We’re not there yet, but we’re close. The mainstay treatment for recurrent tonsil infections is to remove the tonsils. The major problem with the traditional method of tonsillectomy was the severe pain children (and adults) experienced after surgery. New methods of removing the tonsils focus on decreasing this pain. Coblation uses radiofrequency energy to remove tissues and stop bleeding with less surrounding tissue damage, or “char,” than traditional electrocautery methods. Studies have shown less pain after surgery but also a higher rate of bleeding after surgey that requires a second surgery to control, probably due to the same decrease in tissue char. The Harmonic Scapel uses a small knife blade that vibrates at 55,500 hertz, a frequency in the radiofrequency range. Similar to coblation, while there is less surrounding tissue damage and less pain, there may also be a higher postoperative bleeding rate, though a few studies suggest a lower post-op bleeding rate compared to traditional electrocautery.
The main problem with the harmonic scalpel is the cost; the device is quite expensive and most insurance companies don’t pay for it. My preferred method to remove tonsils is the Powered Intracapsular Tonsillectomy (PIT). This method decreases pain by using a shaving device to remove the tonsil tissue but leaving the cover, or capsule, in place. The capsule works like a protective barrier and decreases postoperative pain and bleeding. Technically this procedure is a “tonsillotomy” instead of a tonsillectomy, meaning that a small amount of tonsil tissue is left in place with the capsule which could cause recurrent infections after surgery. However, studies have shown no difference in the rate of recurrent throat infections after PIT vs. traditional tonsillectomy.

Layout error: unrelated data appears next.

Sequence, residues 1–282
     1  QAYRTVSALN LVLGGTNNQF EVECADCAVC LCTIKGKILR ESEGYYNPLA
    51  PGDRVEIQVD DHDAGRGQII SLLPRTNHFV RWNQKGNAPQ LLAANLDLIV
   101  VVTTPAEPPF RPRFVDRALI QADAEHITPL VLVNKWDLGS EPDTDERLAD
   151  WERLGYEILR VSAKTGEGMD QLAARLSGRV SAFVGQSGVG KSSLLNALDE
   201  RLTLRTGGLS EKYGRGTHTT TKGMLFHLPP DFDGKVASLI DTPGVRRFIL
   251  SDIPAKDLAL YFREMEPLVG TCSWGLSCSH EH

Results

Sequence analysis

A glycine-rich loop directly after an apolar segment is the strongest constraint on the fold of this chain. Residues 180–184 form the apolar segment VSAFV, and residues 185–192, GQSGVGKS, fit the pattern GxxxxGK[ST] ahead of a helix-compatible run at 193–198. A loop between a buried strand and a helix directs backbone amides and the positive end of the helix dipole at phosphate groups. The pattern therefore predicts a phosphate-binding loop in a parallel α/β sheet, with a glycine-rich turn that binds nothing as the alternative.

Postop pain from traditional methods of tonsillectomy is severe and lasts for 2 weeks, whereas pain from PIT is mild and lasts 3 to 5 days. For more information, post a questions or call us for an appointment.